“I believe there are designations that still preserve the wonderful beauty of our mountains but yet at the same time are shy of the wilderness designations that are permanent in nature,” he said. “Based on the input that I currently have from constituents and from my county commissioners, I would only support a Forest Service plan that had a minimal impact in terms of permanent wilderness designations.”

However, Meadows emphasized that he’s willing to hear from any group that wants to speak with him and has already set up a forum for wilderness supporters to give their input. 

Bob Scott, Franklin’s mayor, was skeptical of Meadows’ willingness to hear divergent opinions. While no municipalities attended the meeting in Franklin, they were invited. Franklin’s board is the only town in the region to have passed a pro-wilderness resolution, however, and the town did not receive an invitation. According to Meadows, the physical invitations were sent by interns and whoever was responsible for mailing Franklin’s transposed the numbers on the address, so it never arrived. 

“Never seen or heard of such, that a transposed box number would have kept us from receiving the invitation, especially when our local post office goes out of its way to make sure everyone gets their mail,” Scott said. “I get mail all the time when someone posts the wrong house number.”

However, Meadows said, it truly was a mistake and Scott will certainly merit an invitation to the Oct. 4 meeting. 

“Mayor Scott is involved in this in a very active way,” he said. “We’re going to make sure he gets an invite for the Haywood meeting.”

James Melonas, deputy forest supervisor for North Carolina’s national forests, said that the forest planning process as a whole has been incredibly open and transparent, with more than 25 public meetings held to date — before even a draft document has been released. Another round of meetings will be held throughout the planning region this fall, giving pro-wilderness folks like Pader and Williams a chance to deliver their perspectives in public. 

Meadows will have his staffers at those meetings, though the congressman himself is unlikely to be there in person due to the upcoming legislative season in Washington, D.C. 


County concerns

The meeting wasn’t really a debate about the pros and cons of additional wilderness, Corbin said.  

“It wasn’t a discussion about whether or not to have wilderness,” Corbin said. “There was very little discussion about that.” 

Emergency response was the biggest topic of the afternoon, it seems, with county emergency directors discussing how wilderness designation impacts their ability to conduct rescue operations. 

“We had a number of our emergency responders there,” Meadows said. “How do we handle potential accidents and the need to respond to those areas when not only roads would be allowed to be overgrown but it would be difficult to get people in and out and rescued when you cannot use mechanized vehicles to do it without approval of the ranger?”

Wilderness areas are meant to be primitive, meaning that no mechanized or motorized equipment is allowed, and hiking trails are just about the only transportation arteries permitted — no roads. Counties were concerned that increased wilderness designation would impair search and rescue efforts.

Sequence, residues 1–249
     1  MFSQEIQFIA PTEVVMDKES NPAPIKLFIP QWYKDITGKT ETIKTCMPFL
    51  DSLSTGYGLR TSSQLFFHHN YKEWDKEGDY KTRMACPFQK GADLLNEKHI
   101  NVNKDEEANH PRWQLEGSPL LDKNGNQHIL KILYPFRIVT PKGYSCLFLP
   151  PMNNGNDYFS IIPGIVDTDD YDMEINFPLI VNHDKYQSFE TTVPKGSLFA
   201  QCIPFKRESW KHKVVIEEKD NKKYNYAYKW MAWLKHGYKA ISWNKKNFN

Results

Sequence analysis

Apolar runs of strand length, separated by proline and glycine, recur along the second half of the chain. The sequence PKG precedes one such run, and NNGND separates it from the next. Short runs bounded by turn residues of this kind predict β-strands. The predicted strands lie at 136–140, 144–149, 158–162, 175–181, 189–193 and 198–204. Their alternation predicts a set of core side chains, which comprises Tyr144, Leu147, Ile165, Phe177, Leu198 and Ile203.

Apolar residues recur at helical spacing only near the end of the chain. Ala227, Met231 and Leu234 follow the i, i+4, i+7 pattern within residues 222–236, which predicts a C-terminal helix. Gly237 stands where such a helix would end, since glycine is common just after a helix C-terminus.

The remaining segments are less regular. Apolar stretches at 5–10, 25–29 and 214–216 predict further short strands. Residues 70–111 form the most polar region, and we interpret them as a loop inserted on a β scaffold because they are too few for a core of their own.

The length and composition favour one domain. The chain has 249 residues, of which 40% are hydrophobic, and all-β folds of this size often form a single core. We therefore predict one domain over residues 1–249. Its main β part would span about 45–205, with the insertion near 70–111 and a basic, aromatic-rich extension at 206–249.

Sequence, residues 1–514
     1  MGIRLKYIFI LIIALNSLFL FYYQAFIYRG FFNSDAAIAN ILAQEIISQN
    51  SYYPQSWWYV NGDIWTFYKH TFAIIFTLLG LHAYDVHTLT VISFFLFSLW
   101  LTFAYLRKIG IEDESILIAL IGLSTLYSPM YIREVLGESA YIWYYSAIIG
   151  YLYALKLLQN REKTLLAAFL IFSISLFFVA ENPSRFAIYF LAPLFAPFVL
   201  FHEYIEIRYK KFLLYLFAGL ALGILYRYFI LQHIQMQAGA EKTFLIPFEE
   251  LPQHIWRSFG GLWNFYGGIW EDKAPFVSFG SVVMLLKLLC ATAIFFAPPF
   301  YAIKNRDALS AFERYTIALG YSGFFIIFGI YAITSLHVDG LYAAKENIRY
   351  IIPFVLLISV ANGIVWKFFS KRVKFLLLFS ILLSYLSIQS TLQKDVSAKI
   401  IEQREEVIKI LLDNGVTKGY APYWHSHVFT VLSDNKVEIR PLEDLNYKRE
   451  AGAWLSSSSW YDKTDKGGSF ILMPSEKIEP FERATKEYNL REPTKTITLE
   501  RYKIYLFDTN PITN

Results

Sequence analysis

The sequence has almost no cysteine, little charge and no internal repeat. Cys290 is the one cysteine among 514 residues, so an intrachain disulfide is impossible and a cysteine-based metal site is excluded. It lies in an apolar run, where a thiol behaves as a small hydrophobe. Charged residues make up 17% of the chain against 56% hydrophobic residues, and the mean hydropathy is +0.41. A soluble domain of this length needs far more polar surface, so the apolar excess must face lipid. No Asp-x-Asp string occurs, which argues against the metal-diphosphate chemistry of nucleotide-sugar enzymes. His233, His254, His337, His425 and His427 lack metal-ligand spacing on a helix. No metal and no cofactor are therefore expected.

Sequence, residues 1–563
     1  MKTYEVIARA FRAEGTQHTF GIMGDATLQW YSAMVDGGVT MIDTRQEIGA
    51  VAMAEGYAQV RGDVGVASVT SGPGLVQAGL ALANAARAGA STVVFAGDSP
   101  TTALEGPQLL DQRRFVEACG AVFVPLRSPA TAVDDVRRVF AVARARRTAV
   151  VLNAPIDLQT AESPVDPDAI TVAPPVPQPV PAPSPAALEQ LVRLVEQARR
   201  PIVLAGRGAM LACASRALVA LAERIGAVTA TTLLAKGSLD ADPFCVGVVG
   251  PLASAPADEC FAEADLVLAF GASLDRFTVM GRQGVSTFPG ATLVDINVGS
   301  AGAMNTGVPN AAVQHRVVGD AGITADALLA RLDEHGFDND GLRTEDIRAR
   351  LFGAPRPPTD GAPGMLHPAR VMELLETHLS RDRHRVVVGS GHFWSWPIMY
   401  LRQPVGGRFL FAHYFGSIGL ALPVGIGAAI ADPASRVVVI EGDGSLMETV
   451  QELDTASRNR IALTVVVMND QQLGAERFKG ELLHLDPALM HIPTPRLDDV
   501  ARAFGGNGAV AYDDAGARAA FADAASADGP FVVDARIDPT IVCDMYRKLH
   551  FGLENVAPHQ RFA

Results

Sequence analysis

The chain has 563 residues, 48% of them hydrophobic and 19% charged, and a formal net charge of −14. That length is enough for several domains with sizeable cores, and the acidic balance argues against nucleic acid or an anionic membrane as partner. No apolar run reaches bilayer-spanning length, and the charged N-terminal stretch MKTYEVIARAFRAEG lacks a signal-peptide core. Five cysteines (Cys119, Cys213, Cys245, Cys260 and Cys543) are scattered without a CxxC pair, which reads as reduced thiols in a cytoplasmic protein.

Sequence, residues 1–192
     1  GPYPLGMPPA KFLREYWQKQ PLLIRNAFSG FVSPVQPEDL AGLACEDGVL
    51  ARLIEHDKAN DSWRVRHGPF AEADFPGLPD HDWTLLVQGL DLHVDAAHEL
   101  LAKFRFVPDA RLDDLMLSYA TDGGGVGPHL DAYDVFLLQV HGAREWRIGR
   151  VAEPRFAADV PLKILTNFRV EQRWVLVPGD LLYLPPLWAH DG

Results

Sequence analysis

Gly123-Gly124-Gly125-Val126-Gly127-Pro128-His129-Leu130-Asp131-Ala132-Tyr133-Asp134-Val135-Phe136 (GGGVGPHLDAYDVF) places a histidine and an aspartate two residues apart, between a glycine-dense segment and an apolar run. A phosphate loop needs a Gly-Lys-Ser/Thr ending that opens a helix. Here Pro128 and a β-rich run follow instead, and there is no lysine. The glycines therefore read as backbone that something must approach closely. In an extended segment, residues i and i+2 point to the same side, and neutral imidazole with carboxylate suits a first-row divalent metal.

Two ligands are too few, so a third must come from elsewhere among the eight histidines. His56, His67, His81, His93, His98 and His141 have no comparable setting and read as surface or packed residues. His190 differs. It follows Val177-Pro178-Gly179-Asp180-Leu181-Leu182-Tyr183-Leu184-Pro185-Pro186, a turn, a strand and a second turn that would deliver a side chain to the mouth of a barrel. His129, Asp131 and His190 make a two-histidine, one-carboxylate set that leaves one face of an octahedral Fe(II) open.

But Melonas made it clear that, in a life or death situation, emergency responders can cut any lock they need to or run any motorized equipment necessary to get to the injured person. 

“County Search and Rescue and other first responders are able to go in and do what they need to do to rescue the person that might be having an emergency,” Melonas said. 

However, there was some discussion about the chain of command — who needs to be notified and when.  

“I think at the end of the day they decided they needed to clarify what the regulations say, who’s to be contacted,” Corbin said. “I think that was a positive discussion.” 

The group also talked about potential impacts to county revenue, via federal Payment in Lieu of Taxes funding, called PILT, and the Secure Rural School Funding it receives from timber sales. 

“The real issue was all about Payment in Lieu of Taxes and the Secure Rural Schools Act with regard to harvest timber and how much would be healthy, how much would be set aside in the moneys going to local schools as a result of decreased timber harvest on public lands,” Meadows said. 

Timber harvest is not permitted in wilderness areas, so some county commissioners feared that additional designation would negatively impact the revenue stream coming from timber sales. However, getting an area logged is not always easy — only a fraction of the acreage recommended for timber harvest under the existing forest management plan has been logged. 

When it comes to PILT, Irwin said, wilderness designation has zero impact. 

“Whether an area is wilderness or not, if it’s a national forest those PILT payments and Rural School Payments come in,” Irwin said. “I don’t know if that satisfied folks, but wilderness does not affect how much funds counties get.”

Meadows acknowledged the point but said that some legislation is being introduced that, if enacted, could impact how wilderness plays into PILT funding. 

“Some of the proposals that are coming from the west(ern U.S.) would actually affect compensation based on classification,” Meadows said. “Again it’s too early to tell, but it does have that potential and I don’t see that being really addressed until the spring of next year.” 

Overall, attendees seemed to feel that the meeting was a good one, increasing their knowledge and allowing for candid conversations with their representative. 

“I thought it was a very good opportunity,” McMahan said. 

“It was excellent discussion I think everybody felt free to just discuss issues,” Corbin added.

Meadows said he plans to continue collaborating with the counties and following the forest planning process. A draft plan is expected in the spring. 

“There will be follow-up from each of the county commissioners in terms of specific things they would like to see or not see,” he said.